Fuel Poverty

Health Housing and Fuel Poverty Forum

The Health Housing and Fuel Poverty Forum (HHFPF) was launched at a conference held in March 2005 with the appointment of a Core Group of key influencers and the registration of a wider network of 130 other individuals who work in the health sector and those involved in the delivery of energy efficiency measures and fuel poverty schemes. The UK Public Health Association was contracted by Defra to coordinate and facilitate the Forum.

The HHFPF has concluded, through its work and staging of two conferences, that a model of local area partnerships that links health, housing and fuel poverty services is the most effective approach for directing services to the vulnerable. This has resulted in the HHFPF have devising and obtaining partnership funding for the Greater Manchester Fuel Poverty Initiative (see below for more information on this project).

The HHFPF Core Group has agreed on a strategy going forward and set goals for the current financial year. Its overarching goal is to create a framework for the collaboration of health, housing and fuel poverty professionals through influencing decision makers at senior official levels and locally through local partnerships.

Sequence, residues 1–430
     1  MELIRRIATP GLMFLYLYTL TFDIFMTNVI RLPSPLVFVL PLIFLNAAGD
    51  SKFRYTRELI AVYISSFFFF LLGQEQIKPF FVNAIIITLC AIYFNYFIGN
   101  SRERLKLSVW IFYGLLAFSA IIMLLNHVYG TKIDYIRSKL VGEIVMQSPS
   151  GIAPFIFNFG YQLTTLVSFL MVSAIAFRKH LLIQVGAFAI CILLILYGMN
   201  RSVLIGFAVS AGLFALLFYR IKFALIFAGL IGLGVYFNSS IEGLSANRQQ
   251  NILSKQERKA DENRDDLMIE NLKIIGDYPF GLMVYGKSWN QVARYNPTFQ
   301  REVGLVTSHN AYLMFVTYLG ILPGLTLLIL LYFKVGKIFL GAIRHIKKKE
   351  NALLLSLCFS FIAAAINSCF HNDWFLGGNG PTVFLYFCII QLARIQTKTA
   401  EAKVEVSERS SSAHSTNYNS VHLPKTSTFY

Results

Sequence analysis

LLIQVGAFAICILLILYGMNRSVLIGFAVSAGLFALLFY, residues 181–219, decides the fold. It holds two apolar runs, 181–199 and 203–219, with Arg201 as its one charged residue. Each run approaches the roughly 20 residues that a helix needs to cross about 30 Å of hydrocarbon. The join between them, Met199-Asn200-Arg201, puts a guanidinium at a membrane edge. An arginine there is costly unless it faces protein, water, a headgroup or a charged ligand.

Organisation & aims


The HHFPF comprises a Core Group of leaders in the health, housing and fuel poverty sector. A further 130 plus individuals are registered as part of the wider HHFPF network.

Terms of reference

  1. Bring together leaders in the health, housing and fuel poverty sectors with the purpose of seeking collaboration and sharing of information

  2. Focus on providing energy efficiency and fuel poverty measures to patients that suffer the consequences of living in cold, damp homes

  3. Facilitate a collaborative network of professionals across the health, housing and fuel poverty sectors.

Strategic direction

The HHFPF’s terms of reference are:


The HHFPF aims to:

  1. Reduce the number of excess winter deaths through the increased installation of energy efficiency measures in homes of people suffering the consequences of living in cold damp homes by stimulating local partnerships to link effectively the resources and activities between health and housing energy efficiency and fuel poverty professionals.

  2. Ensure metrics established which will assess the impact its work through local area partnerships.

  3. Provide a framework for collaboration through liaison at strategic levels within the different Government departments (DEFRA, DH, DWP, and DCLG), and energy efficiency providers (energy utilities and EAGA).

  4. Provide a communication infrastructure for transfer of knowledge through the effective updating of content on the HHFPF’s website and provide linkage to other relevant web resources.

Greater Manchester Fuel Poverty Initiative

Aims and objectives

The UKPHA & Greater Manchester Fuel Poverty Initiative is led and managed by the UK Public Health Association, arising out of the work of the Health and Housing Fuel Poverty Forum, the national advisory group which it hosts and coordinates.